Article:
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Federer makes short work of Gasquet at Hopman Cup

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PERTH, Australia — Roger Federer defeated Richard Gasquet of France 6-1, 6-4 to move Switzerland to within one win of the Hopman Cup final on Friday.

Federer, making his return to tournament play after six months off with a left knee injury, was rarely threatened in the match before a capacity crowd of nearly 14,000 at Perth Arena. He finished the 56-minute match with two service winners.

“It’s the third match into the year, so I’m starting to see the ball better and better,” said Federer, who lost to Germany’s Alexander Zverev in three tiebreak sets on Wednesday.

Federer’s teammate, Belinda Bencic, was to play Kristina Mladenovic of France in the second singles. A win advances Switzerland to Saturday’s final against the United States team of Coco Vandeweghe and Jack Sock.

The U.S. has won the Hopman Cup a record six times in the tournament’s 28-year history

Earlier, Zverev and Andrea Petkovic beat Britain’s Daniel Evans and Heather Watson 4-2, 4-2 in doubles to give Germany a 2-1 win.

Watson beat Petkovic 6-2, 7-6 (3), coming back from 5-1 down in the second set. But Zverev leveled for Germany when he beat Evans 6-4, 6-3, sending the tie to the doubles decider which was played under the Fast4 format.

It was Germany’s first win of the tournament. Britain finished 0-3.

Federer overpowers Dimitrov to win 97th career title

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ROTTERDAM, Netherlands (AP) Roger Federer came to the ABN AMRO World Tournament aiming to secure a return to the top of the world rankings. He achieved that goal Friday. On Sunday, he put an exclamation point on a remarkable week by winning the tournament for good measure.

Federer overpowered an ailing Grigor Dimitrov 6-2, 6-2 in less than an hour to win his 97th career title.

“What a week it’s been. Absolutely amazing,” Federer said. “The goal was to make the semis and I won the tournament so of course I’m incredibly excited and so, so happy.”

The 36-year-old Swiss extended his domination over the player once dubbed “Baby Fed” for the similarities in their playing style, registering his seventh victory in as many meetings.

Federer’s third title at the Rotterdam tournament comes a day before he officially returns to the top of the rankings, more than five years after he was last world No. 1.

He will become the oldest person to hold the No. 1 position when the rankings are updated on Monday. It’s been more than five years since Federer was last No. 1, and 14 years since he first reached the top spot.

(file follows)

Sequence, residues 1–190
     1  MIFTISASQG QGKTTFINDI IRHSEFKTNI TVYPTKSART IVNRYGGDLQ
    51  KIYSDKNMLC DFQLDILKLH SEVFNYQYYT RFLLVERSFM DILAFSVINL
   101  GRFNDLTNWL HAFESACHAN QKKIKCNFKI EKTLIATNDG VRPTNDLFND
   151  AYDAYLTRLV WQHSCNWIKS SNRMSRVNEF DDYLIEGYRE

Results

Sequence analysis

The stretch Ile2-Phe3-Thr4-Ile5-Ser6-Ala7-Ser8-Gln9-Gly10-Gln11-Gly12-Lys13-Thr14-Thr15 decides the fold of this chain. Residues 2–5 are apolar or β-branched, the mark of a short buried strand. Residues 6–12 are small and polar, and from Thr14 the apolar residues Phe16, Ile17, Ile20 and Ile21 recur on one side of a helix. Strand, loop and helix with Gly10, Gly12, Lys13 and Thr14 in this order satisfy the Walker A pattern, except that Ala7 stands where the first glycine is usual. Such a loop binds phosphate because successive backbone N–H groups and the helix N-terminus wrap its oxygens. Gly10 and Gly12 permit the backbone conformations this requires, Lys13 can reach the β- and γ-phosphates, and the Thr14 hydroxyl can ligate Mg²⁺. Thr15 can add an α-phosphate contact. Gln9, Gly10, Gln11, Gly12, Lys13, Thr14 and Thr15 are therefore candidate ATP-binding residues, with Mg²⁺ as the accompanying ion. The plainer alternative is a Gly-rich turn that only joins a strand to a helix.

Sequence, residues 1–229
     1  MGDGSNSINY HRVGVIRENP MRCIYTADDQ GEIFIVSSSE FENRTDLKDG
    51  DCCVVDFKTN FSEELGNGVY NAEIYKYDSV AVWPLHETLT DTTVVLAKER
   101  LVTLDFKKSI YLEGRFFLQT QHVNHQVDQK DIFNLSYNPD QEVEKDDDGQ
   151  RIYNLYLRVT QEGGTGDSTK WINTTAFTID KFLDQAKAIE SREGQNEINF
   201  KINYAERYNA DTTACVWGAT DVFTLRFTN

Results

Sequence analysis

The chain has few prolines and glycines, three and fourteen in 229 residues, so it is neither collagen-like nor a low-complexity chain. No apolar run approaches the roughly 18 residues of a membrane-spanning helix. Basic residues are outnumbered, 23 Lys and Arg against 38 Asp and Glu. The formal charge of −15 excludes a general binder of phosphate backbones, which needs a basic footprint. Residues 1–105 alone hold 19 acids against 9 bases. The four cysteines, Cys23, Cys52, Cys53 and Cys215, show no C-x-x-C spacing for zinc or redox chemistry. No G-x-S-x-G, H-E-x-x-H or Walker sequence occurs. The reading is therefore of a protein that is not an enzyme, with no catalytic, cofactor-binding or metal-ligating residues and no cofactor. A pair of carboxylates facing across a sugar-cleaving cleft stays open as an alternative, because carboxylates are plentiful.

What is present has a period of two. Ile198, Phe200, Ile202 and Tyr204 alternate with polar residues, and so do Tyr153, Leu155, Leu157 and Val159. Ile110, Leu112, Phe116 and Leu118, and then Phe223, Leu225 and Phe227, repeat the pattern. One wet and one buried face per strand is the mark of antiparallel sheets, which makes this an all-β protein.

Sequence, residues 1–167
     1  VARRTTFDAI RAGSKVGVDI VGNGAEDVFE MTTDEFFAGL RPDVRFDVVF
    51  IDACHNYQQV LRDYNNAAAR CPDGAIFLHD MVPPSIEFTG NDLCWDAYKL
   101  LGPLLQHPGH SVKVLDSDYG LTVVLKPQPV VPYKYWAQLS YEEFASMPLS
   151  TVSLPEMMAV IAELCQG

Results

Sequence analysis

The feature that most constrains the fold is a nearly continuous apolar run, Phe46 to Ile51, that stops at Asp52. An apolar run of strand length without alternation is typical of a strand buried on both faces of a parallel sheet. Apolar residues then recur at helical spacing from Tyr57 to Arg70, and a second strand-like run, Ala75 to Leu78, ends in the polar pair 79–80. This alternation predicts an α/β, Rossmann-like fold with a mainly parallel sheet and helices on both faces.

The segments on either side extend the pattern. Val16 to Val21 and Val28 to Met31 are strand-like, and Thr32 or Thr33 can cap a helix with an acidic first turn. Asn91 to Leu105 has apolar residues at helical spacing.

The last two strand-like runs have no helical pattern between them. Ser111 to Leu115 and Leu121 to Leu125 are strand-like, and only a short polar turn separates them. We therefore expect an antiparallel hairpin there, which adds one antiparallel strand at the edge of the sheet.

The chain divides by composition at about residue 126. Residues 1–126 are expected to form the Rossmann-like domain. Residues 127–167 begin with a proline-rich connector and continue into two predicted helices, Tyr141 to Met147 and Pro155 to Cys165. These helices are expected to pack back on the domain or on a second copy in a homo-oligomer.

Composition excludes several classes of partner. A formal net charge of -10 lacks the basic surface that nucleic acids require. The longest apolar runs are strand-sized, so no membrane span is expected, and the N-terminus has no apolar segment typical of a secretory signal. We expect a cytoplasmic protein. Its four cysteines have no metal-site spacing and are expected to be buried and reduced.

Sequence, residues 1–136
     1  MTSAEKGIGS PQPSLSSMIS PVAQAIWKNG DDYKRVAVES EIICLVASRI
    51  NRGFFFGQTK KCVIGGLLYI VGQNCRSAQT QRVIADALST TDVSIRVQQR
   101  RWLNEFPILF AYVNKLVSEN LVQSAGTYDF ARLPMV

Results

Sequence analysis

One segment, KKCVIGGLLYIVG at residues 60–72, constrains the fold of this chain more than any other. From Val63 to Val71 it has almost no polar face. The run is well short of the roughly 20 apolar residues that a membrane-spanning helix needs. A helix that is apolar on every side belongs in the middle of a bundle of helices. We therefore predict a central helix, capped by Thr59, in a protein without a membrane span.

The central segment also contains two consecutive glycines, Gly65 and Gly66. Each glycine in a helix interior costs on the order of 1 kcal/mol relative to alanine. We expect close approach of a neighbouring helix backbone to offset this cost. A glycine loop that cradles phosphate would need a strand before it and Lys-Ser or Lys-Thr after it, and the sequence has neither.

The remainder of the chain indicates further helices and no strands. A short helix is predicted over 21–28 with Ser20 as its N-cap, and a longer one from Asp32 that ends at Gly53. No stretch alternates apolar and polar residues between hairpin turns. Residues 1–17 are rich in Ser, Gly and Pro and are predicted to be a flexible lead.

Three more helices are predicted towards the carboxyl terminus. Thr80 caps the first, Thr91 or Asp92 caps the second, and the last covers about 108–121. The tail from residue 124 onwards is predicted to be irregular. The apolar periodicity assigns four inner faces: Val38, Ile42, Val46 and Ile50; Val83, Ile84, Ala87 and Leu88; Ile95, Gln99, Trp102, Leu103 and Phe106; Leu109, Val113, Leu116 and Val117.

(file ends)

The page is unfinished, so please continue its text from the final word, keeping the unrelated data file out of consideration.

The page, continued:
Federer, who has 20 Grand Slams to his name, said his next target is 100 career titles. He moved a step closer Sunday.

Federer said ahead of the final that the more aggressive player would win and Dimitrov started the strongest, winning his first game to love as he slammed powerful forehands and backhands past Federer.

But the Swiss great quickly started matching Dimitrov’s groundstrokes and converted his first break point in the fifth game. Federer broke Dimitrov again to go up 5-2 and then served out the set.

Federer kept the pressure on Dimitrov in the second set, breaking the Bulgarian in the first game and continuing to dominate on his way to victory in just 55 minutes.

Federer won a massive 82 percent of points on his service compared to 55 percent for Dimitrov.

After his strong start, the Bulgarian appeared to be struggling physically, but said afterward that he simply wasn’t good enough.

“Against Roger in the current situation he is in you can’t play any less than 100 percent,” Dimitrov said.

Querrey advances to New York Open final

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UNIONDALE, N.Y. (AP) Second-seeded Sam Querrey advanced to the final of the New York Open, winning the last four games to beat No. 4 Adrian Mannarino 6-7 (5), 7-5, 6-3 on Saturday.

Querrey will face top-seeded Kevin Anderson or No. 5 Kei Nishikori in Sunday’s final.

The U.S. Davis Cup player fought off three break points while serving at 2-3 in the third set, then broke Mannarino in the next game and cruised from there, closing out the match in just under 2 hours for his first victory over the Frenchman in four career meetings.

The California native is ranked a career-high 12th and had an opportunity to move into the top 10 if he won the tournament and Anderson lost in the semifinals.

Mannarino is still seeking his first ATP Tour title. At No. 25, he is the highest-ranked player without one.